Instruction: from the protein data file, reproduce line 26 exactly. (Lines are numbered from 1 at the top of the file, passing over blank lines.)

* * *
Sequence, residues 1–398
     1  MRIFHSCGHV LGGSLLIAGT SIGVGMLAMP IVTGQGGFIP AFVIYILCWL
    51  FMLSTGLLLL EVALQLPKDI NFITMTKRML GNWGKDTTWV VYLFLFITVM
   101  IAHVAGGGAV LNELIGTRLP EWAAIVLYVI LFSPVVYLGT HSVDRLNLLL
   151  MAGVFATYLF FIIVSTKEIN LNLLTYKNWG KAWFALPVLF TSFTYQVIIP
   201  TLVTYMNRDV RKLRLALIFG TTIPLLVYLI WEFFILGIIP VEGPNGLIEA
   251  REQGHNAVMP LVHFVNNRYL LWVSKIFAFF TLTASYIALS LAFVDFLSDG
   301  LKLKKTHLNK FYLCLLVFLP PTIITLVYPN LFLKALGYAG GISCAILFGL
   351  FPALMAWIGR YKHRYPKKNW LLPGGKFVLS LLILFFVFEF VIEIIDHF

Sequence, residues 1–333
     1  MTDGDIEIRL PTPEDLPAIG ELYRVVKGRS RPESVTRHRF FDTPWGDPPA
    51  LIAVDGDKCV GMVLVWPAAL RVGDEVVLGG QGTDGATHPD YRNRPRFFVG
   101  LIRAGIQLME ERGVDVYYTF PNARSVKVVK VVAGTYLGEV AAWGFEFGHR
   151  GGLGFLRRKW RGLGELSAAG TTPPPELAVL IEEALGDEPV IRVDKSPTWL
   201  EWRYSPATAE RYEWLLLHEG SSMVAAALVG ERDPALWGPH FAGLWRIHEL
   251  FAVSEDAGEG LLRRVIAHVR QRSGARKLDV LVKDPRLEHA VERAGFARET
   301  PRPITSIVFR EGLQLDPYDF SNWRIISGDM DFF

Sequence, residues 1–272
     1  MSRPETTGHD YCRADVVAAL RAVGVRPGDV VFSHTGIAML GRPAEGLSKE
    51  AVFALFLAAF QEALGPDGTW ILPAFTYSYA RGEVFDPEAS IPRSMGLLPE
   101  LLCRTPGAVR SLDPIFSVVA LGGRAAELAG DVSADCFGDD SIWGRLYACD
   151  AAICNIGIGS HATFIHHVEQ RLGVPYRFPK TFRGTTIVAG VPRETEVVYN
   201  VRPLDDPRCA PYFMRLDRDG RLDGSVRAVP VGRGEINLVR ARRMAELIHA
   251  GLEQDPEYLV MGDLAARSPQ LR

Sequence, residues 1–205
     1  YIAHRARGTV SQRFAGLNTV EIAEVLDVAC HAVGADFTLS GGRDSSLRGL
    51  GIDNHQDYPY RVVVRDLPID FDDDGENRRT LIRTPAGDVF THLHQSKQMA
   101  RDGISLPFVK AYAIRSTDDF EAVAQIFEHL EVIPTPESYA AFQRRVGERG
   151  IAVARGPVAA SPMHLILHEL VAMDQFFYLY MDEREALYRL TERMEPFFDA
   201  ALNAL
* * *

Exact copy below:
     1  YIAHRARGTV SQRFAGLNTV EIAEVLDVAC HAVGADFTLS GGRDSSLRGL